Testosterone occurs naturally in everyone but the hormone is most strongly associated with males. In many ways, this cultural connection makes some biological sense. Males typically produce much more testosterone than do females. And testosterone plays a starring role in male bodies, including fertility, fat distribution, and red blood cell production.
But there is another trait — one not to do so much with biology — that seems to come hand in hand with high testosterone levels in males: higher socioeconomic standing.
This correlation is well documented. It suggests that higher levels of testosterone enhance certain “male” qualities, like aggression or even just a fuller head of hair, which in turn could aid men in the climb up the economic ladder — but a new study says otherwise.
The study’s findings, published Wednesday in the journal Science Advances, are based on data from more than 300,000 people in the United Kingdom. It finds that higher testosterone levels in males correlate with higher socioeconomic status, but there is little evidence to suggest the former actually causes the latter to be true.
The findings contradict the implications of older work to do with this link because the researchers here use a different analysis method that goes one step further than previous studies.
What’s new — At first glance, the research appears to rehash what past studies have found: men with higher levels of testosterone tend to occupy higher socioeconomic positions. But then, the scientists took an extra step. One of the study’s authors, Amanda Hughes, who is also an epidemiologist at the University of Bristol, put it bluntly for Inverse:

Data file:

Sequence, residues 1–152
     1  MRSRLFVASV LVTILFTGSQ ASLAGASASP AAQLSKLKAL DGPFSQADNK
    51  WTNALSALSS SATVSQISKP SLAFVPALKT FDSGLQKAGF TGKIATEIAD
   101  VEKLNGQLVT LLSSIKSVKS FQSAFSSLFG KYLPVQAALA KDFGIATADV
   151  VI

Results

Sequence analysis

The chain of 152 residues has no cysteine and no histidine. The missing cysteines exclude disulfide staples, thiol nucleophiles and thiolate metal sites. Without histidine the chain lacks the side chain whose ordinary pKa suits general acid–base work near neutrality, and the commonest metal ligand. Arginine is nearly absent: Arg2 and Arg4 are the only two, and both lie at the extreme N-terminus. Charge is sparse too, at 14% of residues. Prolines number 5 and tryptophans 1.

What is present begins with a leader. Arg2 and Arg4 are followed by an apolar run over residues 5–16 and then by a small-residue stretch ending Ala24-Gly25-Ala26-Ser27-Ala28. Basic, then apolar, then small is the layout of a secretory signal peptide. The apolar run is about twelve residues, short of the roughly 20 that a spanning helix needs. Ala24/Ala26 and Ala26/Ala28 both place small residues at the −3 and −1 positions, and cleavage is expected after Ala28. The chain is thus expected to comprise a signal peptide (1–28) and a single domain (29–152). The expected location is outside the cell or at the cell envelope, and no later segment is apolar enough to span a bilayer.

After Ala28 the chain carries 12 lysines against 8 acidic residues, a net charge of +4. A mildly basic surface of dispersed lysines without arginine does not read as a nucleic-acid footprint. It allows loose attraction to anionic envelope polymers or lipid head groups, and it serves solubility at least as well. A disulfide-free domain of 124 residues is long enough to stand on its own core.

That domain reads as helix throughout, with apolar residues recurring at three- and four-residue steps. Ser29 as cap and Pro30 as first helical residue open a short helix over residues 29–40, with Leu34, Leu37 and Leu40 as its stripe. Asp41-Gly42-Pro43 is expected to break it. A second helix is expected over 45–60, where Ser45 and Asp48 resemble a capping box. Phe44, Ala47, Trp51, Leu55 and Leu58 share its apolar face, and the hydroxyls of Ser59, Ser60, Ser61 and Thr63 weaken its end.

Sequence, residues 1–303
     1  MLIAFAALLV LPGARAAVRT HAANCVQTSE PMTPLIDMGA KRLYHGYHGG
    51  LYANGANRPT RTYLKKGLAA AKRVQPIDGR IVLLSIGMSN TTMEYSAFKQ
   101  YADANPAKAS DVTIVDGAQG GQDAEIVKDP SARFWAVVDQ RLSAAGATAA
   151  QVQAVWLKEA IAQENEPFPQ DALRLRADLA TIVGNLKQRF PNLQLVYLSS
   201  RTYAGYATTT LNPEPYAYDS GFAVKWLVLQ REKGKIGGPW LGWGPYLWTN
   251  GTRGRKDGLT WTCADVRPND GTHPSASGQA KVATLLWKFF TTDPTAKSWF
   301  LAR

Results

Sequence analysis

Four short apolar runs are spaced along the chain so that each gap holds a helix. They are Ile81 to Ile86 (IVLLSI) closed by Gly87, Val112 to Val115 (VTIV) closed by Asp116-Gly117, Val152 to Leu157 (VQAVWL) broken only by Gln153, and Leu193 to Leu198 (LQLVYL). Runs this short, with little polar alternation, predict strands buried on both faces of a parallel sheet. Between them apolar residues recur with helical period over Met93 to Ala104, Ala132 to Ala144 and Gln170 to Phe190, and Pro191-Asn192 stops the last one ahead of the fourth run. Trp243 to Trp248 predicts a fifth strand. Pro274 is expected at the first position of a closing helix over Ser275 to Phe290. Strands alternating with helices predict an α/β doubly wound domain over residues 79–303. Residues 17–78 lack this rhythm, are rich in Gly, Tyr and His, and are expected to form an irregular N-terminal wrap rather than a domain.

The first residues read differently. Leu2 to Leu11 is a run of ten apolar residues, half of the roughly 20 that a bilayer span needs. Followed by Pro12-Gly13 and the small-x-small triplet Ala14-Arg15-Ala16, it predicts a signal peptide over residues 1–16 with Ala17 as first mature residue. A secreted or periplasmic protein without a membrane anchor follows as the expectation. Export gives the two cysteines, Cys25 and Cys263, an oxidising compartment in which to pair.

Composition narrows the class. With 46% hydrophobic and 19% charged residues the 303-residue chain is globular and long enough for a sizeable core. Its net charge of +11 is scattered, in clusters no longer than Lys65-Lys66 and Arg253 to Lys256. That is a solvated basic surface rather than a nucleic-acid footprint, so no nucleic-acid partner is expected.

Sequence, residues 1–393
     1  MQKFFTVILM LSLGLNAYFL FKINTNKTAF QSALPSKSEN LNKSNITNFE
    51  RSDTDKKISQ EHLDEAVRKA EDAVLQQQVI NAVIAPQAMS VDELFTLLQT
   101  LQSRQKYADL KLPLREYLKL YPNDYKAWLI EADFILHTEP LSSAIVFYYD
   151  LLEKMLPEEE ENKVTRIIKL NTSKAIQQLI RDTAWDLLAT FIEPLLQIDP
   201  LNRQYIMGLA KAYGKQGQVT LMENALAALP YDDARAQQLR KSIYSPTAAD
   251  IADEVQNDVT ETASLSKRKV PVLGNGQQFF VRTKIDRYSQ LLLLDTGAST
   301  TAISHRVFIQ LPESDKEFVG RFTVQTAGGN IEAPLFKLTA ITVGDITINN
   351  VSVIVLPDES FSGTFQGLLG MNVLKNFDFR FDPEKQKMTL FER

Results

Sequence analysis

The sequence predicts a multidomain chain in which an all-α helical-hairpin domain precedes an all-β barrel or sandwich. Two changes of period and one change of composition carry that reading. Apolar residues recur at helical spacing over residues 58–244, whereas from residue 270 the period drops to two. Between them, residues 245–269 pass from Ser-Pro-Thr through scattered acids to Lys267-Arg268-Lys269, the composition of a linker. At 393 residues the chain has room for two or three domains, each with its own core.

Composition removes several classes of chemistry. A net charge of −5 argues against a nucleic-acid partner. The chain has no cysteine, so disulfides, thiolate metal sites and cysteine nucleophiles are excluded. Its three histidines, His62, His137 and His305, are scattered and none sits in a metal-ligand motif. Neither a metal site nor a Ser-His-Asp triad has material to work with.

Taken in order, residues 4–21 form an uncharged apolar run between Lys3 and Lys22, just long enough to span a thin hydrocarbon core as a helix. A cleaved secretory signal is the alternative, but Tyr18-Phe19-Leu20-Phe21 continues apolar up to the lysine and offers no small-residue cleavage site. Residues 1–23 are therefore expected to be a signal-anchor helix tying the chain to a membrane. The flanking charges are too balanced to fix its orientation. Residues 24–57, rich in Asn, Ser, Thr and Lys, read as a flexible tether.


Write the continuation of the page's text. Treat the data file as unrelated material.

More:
“When we applied genetic causal inference methods, there was really very little evidence that there's any meaningful influence of testosterone on those socio-economic outcomes for men or for women.”
In turn, Hughes says other analysis methods might actually be picking up on a different slant to the relationship: that one’s environment might affect testosterone levels.
It’s a classic case of nature vs. nurture. And here, there is no clear winner.
Why it matters — This study starts to pull apart a tenuous relationship between testosterone in men and conventional measures of success, which are also based on masculine tropes.
Ultimately, it confirms that while testosterone may influence some aspects of maleness, one’s environment can have just as strong an influence on how your life will turn out in terms of economics and social hierarchies, explains Harvard University biologist Carole Hooven. She was not involved in this study.
“While sex differences in [testosterone] levels may explain large differences in behavior and preferences,” Hooven tells Inverse, “mostly related to sex and aggression, the scientific literature tends not to support relationships between the normal variation of [testosterone] within men within the healthy, normal range and behaviors and preferences related to things like economic decisions.”
“It points to the importance of other probably social factors that are more important to explaining the relative social position of men,” Hughes says.
Digging into the details — The team analyzed genetic and demographic data from 306,248 participants. They accounted for social factors such as income, employment status, education level, body mass index, risk-taking behavior, and more.